Pink is the new blue.

Today I watched Emma Watson’s speech to the U.N. and it made my cry. She put a voice to an issue that I have been trying to articulate for years: gender equality must apply to both women AND men. If you haven’t seen the speech, watch it here:

I have two young boys. One doesn’t really like sports, and prefers board games or creating new worlds in his stories and drawings. He has a mind like a steel trap, a good sense of humour and is one of the most interesting people I know. The other will throw a punch if he needs to, but mostly loves music and to dance (and is very good at it). He will melt at the sight of anything cute. He can enter a room and immediately size up the emotional state of everyone around him. He likes the colour pink because “lots of good things are pink like raspberries and cotton candy”. Both of my boys have been raised to like what they like, not what society tells them, but I discovered recently that my youngest doesn’t tell his friends that he goes to dance class. You know why. Sadly you know why because society has conditioned us to see dance as a “girl” thing and sports as a “boy” thing, just as pink and blue are so determined.
I am not a feminist. I’m not, not a feminist either. I don’t think women should have equal rights, I think everyone should have equal rights. I have seen the rise of “Girl Power” in my generation. Girls in our society are raised with a pervasive expectation that there is nothing that they cannot aspire to achieve. If you want to be a welder? Go for it. A CEO? You can do that. I was certainly raised that way. The education system caters to girls, with learning systems designed for the way that they learn most effectively. Mandates to teach math and science to girls are flourishing, but what about your son? What if he has a hard time sitting at a desk in a classroom all day? What if he wants to be a nurse? A dancer? What if he doesn’t want to play hockey or football? Education systems that help boys optimize their learning are lacking in our society. Nurturing roles for boys are generally frowned on and, shockingly, it is often their own peers who do the judging and from a very young age.

I’ll confess, I’m pretty old fashioned. I like it when my husband buys me flowers, when he pulls my chair out for me at a restaurant. Do I think he thinks I’m somehow less of a human being because I’m a woman and so he pulls my chair out for me or holds a door open for me? Absolutely not. Would I pull his chair out for him at a restaurant? I wouldn’t. That’s not to say that I think it is a man’s job. What I’m saying is that up to now, women have been seeking equality at the expense of men. Our roles in society have changed as trail-blazing women have gone before us to fight for women’s rights. But along the way, society has not changed its view of a man’s role. The problem is, that role has slowly been disappearing and men are left lost in a society where they have no role anymore. There is a whole generation of “lost boys” out there. My mother used to say “they need a war to find their place” but that’s wrong. They need to be accepted, just like women, for WHO rather than WHAT they are.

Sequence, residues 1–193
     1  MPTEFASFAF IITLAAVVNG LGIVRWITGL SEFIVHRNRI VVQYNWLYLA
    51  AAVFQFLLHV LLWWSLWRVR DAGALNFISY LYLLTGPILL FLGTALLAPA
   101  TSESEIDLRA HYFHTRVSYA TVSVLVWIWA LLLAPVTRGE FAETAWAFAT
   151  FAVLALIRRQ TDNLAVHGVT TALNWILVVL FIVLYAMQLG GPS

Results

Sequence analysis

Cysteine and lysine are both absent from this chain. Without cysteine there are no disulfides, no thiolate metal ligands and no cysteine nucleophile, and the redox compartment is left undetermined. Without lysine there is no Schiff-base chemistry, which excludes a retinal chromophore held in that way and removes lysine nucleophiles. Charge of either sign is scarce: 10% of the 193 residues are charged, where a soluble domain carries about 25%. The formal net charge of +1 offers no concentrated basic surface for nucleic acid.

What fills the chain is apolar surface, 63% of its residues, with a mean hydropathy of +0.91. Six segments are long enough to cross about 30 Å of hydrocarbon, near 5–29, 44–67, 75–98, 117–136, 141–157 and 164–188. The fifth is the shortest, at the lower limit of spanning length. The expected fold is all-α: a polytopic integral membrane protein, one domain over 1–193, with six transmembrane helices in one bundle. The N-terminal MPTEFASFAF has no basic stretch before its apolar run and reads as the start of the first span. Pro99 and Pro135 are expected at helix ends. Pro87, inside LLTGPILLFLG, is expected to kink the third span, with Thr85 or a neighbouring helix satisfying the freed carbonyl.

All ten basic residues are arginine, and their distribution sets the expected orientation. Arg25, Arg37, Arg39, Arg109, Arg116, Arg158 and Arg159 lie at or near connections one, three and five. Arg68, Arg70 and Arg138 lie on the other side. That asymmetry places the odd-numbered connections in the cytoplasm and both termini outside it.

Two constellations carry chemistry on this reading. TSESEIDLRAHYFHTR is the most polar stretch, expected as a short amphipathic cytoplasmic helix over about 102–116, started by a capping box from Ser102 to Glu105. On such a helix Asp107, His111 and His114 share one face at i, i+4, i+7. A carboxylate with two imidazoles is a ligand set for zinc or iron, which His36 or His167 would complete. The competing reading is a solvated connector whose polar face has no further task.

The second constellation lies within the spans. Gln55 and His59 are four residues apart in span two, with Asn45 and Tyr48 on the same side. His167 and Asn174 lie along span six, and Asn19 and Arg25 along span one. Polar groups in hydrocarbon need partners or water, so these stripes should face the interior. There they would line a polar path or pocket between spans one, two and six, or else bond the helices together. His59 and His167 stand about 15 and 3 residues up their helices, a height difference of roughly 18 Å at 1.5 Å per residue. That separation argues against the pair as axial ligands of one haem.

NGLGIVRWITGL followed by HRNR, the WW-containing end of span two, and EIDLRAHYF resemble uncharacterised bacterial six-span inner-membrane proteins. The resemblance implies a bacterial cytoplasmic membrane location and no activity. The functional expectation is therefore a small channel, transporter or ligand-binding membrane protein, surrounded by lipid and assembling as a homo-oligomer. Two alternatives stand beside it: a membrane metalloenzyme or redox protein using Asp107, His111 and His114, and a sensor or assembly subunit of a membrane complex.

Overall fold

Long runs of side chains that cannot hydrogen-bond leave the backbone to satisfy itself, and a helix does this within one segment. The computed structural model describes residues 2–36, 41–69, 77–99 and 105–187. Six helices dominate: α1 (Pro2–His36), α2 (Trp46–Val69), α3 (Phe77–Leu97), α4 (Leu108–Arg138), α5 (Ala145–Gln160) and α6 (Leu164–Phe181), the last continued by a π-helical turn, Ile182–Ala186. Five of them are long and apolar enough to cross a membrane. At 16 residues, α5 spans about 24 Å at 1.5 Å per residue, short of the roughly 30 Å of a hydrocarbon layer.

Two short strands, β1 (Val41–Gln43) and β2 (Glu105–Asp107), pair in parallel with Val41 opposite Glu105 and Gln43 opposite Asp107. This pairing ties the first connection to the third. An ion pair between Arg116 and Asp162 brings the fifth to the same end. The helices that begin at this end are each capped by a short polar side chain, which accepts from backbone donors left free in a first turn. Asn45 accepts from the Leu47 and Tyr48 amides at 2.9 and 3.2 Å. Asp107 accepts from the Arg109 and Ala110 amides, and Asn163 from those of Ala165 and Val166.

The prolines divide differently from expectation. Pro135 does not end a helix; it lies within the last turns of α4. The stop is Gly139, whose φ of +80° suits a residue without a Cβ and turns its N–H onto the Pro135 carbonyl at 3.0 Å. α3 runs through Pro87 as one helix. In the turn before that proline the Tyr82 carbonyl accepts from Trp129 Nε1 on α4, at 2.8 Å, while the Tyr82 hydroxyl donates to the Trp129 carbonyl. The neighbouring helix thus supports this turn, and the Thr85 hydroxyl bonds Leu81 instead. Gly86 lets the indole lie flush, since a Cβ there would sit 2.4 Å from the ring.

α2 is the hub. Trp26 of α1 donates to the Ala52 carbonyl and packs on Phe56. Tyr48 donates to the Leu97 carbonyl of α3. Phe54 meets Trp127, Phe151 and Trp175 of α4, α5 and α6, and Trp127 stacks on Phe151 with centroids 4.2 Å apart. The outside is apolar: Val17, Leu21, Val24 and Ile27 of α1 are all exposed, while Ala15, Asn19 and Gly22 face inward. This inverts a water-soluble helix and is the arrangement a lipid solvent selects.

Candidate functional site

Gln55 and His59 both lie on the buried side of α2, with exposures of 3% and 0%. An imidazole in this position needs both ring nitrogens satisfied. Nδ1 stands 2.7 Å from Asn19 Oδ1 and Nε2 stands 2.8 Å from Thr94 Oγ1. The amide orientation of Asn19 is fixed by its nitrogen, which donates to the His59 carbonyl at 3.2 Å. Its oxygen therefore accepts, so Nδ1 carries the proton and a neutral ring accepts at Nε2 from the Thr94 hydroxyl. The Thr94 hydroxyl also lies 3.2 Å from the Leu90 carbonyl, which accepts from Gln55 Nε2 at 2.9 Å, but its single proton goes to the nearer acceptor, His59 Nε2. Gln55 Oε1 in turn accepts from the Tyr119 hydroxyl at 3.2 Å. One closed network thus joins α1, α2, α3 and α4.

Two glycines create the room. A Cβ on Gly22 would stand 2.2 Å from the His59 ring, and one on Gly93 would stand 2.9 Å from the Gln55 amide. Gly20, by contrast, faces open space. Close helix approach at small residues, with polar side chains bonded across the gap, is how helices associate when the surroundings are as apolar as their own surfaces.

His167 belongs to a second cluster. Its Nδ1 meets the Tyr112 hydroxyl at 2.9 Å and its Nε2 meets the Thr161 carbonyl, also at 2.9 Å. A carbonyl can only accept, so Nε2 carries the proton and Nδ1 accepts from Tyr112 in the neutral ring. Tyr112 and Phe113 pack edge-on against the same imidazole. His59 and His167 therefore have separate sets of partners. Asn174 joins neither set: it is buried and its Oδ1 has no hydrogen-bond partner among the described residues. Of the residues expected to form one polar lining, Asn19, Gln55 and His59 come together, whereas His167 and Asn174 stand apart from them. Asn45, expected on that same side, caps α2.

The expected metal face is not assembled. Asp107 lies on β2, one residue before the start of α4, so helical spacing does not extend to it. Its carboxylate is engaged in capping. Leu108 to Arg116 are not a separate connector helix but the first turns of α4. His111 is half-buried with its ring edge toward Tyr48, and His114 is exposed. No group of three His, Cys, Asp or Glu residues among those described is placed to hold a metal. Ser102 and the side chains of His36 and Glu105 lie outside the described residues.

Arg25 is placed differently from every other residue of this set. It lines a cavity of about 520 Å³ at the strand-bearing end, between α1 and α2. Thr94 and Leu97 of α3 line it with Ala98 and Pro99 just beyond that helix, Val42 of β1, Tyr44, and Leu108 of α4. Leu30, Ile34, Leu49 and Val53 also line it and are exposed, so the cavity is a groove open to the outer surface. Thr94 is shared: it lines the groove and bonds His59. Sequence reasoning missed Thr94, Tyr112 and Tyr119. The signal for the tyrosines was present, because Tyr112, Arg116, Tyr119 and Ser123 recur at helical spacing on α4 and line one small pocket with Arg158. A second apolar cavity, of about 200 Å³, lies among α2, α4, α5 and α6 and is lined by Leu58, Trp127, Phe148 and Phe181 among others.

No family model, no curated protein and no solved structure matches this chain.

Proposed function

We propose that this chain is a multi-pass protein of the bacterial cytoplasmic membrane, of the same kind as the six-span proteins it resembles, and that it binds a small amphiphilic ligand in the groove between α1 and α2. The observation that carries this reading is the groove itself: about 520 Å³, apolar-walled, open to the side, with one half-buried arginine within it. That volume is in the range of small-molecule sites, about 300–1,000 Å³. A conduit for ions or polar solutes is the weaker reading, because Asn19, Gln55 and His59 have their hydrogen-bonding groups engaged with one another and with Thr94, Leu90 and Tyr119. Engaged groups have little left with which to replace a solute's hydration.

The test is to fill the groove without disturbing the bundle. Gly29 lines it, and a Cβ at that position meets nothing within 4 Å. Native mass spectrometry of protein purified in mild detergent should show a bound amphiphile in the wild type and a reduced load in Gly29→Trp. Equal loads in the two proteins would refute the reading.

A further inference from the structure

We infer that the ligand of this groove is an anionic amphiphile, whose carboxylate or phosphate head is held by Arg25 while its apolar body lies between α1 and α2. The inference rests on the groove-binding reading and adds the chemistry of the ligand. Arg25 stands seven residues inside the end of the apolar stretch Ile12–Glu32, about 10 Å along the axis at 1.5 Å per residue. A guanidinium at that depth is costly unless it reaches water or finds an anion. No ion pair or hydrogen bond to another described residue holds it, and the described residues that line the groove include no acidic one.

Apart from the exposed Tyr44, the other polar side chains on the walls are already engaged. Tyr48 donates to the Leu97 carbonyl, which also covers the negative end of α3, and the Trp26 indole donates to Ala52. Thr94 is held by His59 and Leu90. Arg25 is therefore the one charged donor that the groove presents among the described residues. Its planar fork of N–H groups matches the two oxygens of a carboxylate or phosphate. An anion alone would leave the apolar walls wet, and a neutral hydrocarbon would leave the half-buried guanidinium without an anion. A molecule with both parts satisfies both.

Society needs to allow boys to be sensitive, intelligent, nurturing as well as strong and protective (after all there is the issue of biological imperatives handed down through 100,000+ years of human evolution).
Women have risen up to fight for equality, but now we need to reach out and help to correct the void left by that shift. We mothers need to raise boys who are allowed to be who they are just as we encourage our girls to be. Strong, compassionate, intelligent human beings.
My boys are growing up with parents who share the responsibility of parenting equally. They see Daddy wash dishes and vacuum, they see Mummy do repairs and take out garbage and vice versa. They see us both support them and encourage their strengths. My only hope for my boys is that we give them strength and wisdom enough to stand up to what society says they should be and remember the lessons we have tried to teach them: that they can be anything they want to be.
We cannot all be the same, so why make us be? Gender equality is about equality not just for women, but for men as well. It isn’t about what you are, it’s about who you are. Society needs people to fall into specific roles: protector, nurturer, teacher, healer etc. it is time that we begin to see that these roles just need humans. Women, men, gay, straight or pink with blue polka dots…
To quote Emma Watson “if not me, then who? If not now, then when?”

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